any new complaint, pleading, or motion regarding the subject matter of the 2002 fire,
resulting insurance claims, and related actions of Non-State Defendants. It is wellestablished that courts may prospectively restrict an abusive litigant’s right to file
pleadings without prepayment of fees and costs in order to ensure that resources are
allocated in a manner that best serves the interests of justice. See, e.g., In re McDonald,
489 U.S. 180, 184 (1989); Hurt v. Soc. Sec. Admin., 544 F.3d 308, 310 (D.C. Cir. 2008).
In at least one instance, a judge in the Western District of Missouri has issued a
permanent injunction against all filings in a manner analogous to that urged by Non-State
Defendants in this case. Pankey v. Webster, 816 F. Supp. 553, 563 (W.D. Mo. 1993)
(permanently enjoining the plaintiff from filing any complaint, pleading, or motion on
behalf of a particular third-party). At the same time, however, courts have recognized
that a blanket filing restriction is “an extreme measure,” Pankey, 816 F. Supp. at 563, that
should be resorted to only in cases involving “an especially abusive pattern” of frivolous
or malicious filings, Hurt, 544 F.3d at 309. See also Chambers v. NASCO, Inc., 501 U.S.
32, 43 (ruling that a court’s inherent powers “ought to be exercised with great caution”).
At this time, Plaintiffs’ conduct has not yet proven so egregious as to justify the
imposition of a permanent injunction. Although Plaintiffs’ current Complaint is subject
to dismissal for reasons similar to the first, the fact that the earlier dismissal was without
prejudice may have inadvertently encouraged this refilling. In particular, taking into
account Plaintiffs’ pro se status, it is not entirely unreasonable for Plaintiffs to have
believed that their continuing tort argument might constitute a new theory that would
prevent the application of issue preclusion. The relevant precedent, cited by both parties,
holds that, with respect to subject matter jurisdiction, issue preclusion will not bar “the
same claim under a different theory and jurisdictional basis.” Kulinski v. Medtronic BioMedicus, Inc., 112 F.3d 368, 373 (8th Cir. 1997). While those more familiar with the law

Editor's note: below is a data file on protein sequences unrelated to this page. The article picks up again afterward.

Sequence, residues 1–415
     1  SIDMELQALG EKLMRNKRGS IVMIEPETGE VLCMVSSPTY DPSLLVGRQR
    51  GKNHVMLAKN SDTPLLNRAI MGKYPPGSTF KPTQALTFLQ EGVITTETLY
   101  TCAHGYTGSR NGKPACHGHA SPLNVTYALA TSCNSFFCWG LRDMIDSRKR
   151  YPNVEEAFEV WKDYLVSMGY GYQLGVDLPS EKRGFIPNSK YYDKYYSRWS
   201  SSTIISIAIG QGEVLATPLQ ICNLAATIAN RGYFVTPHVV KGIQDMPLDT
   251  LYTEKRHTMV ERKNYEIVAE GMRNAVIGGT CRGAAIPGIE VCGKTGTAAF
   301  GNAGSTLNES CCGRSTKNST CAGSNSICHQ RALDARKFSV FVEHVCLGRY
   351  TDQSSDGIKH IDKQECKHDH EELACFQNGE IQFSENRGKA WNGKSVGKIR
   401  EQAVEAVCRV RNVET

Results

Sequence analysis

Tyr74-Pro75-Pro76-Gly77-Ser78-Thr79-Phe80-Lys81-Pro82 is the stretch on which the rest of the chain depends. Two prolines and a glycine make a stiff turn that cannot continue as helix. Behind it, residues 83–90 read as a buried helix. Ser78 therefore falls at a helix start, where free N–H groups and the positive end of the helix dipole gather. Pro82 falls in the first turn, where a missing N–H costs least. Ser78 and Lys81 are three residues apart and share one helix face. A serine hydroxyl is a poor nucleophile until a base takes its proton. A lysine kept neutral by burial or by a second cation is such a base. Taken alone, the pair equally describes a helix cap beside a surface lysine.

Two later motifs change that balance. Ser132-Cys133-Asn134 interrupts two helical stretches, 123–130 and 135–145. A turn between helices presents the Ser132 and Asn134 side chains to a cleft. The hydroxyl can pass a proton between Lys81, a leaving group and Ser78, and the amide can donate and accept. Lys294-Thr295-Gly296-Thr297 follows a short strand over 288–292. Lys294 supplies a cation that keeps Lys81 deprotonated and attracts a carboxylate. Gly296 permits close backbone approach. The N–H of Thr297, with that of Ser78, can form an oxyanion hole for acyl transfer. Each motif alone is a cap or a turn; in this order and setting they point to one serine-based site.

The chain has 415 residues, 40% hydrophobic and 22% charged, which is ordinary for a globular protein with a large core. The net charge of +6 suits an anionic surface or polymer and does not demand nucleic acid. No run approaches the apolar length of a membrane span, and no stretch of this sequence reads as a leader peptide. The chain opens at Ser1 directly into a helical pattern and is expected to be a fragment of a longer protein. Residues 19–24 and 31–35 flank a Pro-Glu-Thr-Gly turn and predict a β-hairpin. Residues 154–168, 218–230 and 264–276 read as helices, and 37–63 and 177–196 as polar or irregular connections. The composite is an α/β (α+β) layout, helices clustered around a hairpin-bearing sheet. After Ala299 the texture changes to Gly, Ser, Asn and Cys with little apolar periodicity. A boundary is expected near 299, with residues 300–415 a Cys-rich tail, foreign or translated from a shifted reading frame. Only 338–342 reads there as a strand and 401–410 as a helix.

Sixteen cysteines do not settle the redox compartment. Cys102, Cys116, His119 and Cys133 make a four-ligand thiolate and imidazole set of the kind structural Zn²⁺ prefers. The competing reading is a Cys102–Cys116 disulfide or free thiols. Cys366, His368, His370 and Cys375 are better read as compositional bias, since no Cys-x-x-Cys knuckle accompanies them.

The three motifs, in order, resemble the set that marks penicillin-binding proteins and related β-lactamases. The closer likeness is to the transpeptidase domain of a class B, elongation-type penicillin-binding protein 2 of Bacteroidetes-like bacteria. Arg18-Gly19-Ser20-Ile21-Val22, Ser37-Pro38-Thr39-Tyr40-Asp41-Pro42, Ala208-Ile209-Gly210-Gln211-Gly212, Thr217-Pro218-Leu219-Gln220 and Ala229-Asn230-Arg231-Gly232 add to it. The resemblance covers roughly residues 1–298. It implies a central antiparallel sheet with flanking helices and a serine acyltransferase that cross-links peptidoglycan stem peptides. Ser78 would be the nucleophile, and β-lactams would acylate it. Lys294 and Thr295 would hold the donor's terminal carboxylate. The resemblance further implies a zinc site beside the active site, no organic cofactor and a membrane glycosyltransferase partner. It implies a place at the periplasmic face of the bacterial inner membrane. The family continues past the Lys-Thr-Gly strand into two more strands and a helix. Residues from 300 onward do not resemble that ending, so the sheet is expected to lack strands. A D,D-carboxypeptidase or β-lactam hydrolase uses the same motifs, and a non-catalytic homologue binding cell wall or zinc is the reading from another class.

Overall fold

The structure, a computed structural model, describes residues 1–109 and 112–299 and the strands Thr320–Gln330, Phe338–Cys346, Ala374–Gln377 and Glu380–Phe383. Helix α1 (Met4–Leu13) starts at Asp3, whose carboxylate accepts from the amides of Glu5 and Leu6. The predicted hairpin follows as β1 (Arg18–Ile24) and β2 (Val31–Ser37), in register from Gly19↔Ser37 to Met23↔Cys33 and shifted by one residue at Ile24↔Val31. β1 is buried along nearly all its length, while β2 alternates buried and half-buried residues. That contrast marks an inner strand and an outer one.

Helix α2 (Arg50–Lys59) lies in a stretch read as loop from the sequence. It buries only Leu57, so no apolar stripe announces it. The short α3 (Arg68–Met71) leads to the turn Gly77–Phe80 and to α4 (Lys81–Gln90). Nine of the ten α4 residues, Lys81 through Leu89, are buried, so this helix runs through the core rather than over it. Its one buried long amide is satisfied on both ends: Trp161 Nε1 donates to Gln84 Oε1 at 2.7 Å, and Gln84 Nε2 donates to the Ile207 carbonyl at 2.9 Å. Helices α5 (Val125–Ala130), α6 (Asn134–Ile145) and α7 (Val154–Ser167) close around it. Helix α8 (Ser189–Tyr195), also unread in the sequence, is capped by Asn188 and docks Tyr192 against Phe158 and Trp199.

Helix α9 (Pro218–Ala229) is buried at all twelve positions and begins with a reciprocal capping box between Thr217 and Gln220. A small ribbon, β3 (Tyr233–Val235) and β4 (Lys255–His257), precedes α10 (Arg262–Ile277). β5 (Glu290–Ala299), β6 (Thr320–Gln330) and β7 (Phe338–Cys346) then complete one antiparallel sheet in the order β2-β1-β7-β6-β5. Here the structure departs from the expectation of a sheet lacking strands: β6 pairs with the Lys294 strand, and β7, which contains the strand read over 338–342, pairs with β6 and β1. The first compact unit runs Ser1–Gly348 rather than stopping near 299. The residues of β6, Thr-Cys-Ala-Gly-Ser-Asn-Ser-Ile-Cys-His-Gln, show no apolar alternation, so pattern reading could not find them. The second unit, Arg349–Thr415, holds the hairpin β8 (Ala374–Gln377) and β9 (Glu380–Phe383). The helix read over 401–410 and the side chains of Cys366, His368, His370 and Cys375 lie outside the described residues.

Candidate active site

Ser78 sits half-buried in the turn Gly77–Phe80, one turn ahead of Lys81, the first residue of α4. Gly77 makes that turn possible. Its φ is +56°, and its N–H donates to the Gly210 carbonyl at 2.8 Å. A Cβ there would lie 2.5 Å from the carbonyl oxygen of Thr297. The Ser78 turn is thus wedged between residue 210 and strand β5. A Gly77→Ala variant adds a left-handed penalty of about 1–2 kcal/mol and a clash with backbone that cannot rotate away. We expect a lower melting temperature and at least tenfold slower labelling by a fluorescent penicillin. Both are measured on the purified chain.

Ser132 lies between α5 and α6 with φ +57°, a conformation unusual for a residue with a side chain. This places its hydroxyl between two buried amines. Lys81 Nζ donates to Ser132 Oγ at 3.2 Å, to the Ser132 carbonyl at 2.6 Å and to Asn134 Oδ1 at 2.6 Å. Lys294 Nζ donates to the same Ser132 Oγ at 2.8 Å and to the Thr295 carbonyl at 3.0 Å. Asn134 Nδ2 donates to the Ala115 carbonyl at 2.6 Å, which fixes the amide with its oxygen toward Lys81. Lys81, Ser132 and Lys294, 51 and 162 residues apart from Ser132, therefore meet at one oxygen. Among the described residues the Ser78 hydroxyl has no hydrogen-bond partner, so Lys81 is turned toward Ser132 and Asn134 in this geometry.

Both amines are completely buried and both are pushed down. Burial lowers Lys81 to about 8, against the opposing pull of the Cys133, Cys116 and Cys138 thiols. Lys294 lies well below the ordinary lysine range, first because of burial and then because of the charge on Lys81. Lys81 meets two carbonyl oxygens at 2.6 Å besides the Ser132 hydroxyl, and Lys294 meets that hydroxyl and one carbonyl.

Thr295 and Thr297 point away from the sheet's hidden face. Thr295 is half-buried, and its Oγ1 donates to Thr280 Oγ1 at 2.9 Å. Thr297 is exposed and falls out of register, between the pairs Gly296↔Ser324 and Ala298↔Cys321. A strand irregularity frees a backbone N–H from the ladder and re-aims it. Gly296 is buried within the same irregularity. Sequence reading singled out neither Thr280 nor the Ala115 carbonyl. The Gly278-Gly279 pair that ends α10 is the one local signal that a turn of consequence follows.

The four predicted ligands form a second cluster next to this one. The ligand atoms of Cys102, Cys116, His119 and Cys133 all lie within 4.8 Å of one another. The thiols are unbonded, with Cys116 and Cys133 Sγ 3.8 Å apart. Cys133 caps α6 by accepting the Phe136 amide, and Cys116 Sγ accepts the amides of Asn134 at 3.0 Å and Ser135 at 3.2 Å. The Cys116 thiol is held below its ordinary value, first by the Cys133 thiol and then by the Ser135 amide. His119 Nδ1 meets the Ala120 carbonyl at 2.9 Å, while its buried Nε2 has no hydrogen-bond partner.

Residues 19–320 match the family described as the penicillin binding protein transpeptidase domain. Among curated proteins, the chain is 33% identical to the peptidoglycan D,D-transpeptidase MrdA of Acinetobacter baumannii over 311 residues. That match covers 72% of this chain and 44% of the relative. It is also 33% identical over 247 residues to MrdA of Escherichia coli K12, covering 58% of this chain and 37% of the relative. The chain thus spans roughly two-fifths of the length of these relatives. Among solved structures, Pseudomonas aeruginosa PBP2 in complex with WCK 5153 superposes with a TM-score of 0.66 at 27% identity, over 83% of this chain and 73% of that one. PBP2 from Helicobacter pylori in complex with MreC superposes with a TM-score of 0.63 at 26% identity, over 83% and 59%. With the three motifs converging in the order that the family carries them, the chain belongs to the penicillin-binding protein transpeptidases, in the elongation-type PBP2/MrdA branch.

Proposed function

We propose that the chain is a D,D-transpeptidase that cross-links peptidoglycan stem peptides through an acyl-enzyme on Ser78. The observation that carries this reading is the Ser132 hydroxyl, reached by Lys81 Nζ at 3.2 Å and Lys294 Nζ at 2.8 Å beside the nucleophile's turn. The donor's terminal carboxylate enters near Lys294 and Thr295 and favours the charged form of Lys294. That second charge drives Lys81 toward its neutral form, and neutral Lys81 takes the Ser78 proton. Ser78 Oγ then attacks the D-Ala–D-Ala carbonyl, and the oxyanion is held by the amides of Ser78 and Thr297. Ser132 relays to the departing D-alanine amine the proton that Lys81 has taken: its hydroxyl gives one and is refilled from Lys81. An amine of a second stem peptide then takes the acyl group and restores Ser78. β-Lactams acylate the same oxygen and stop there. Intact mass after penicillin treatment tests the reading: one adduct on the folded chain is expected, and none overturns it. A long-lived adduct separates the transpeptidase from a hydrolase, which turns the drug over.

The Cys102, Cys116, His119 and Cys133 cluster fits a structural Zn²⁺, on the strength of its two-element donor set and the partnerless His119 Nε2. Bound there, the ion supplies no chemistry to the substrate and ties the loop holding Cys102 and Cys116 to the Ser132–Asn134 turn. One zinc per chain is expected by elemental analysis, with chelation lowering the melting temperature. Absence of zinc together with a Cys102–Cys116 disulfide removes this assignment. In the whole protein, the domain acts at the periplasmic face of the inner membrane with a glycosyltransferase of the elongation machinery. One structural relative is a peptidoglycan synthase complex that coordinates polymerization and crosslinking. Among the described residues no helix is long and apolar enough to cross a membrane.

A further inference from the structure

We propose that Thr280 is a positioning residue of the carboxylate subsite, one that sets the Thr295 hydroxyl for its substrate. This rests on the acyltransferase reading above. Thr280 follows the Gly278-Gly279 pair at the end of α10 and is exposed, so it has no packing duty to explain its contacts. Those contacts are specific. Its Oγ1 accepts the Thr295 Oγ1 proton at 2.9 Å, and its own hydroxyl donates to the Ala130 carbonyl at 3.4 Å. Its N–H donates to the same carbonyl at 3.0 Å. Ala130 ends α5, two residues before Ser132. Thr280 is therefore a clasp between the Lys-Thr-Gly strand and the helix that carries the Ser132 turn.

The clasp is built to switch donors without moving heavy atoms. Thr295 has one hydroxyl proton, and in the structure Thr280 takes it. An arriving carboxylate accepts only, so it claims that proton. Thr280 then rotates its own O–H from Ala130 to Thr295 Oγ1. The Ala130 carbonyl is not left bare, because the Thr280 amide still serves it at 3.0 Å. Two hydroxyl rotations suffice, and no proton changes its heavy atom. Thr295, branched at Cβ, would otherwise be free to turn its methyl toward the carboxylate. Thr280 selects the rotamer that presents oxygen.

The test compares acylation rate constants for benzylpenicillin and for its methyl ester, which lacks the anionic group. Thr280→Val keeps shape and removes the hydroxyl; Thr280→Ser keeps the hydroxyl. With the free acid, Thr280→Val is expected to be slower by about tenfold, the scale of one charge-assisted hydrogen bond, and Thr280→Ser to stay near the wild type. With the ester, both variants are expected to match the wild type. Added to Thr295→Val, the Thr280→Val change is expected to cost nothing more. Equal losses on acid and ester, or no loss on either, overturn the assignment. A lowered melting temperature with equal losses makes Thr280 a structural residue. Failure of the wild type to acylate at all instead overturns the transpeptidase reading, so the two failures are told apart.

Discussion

may understand that the term theory, as used here, refers to a theory of relief, as opposed
to merely a different legal argument that could have been asserted in the prior suit, this
distinction may not be as readily apparent to those with less experience or training.
Considering the particular circumstances of this case, the Court cannot conclude that the
extreme measure of a permanent, prospective filing restriction is necessary or appropriate
at this time.
However, there does appear to be a pattern of frivolous filings elsewhere, possibly
with the intent to harass. If this pattern continues, the Court may revisit the possibility of
a permanent injunction, as well as the full complement of sanctions within the Court’s
inherent powers, see Chambers, 501 U.S. 45-46, in order to ensure an effective allocation
of limited judicial resources and protect the defendants from abusive litigation. At a
minimum, it will be an appropriate consideration in any future attempt in this Court to
obtain in forma pauperis status.
For the reasons set forth above, State and Non-State Defendants’ motions to
dismiss, [Docs. ## 9, 38], are GRANTED, and Non-State Defendants’ motion for
sanctions, [Doc. # 40], is DENIED. Due to the disposition of these motions, Plaintiffs’
motion for a protective order, [Doc. # 49], is DENIED as moot. This case is hereby
DISMISSED, with prejudice.
s/ NANETTE K. LAUGHREY
NANETTE K. LAUGHREY
United States District Judge
Dated: June 23, 2014
Jefferson City, Missouri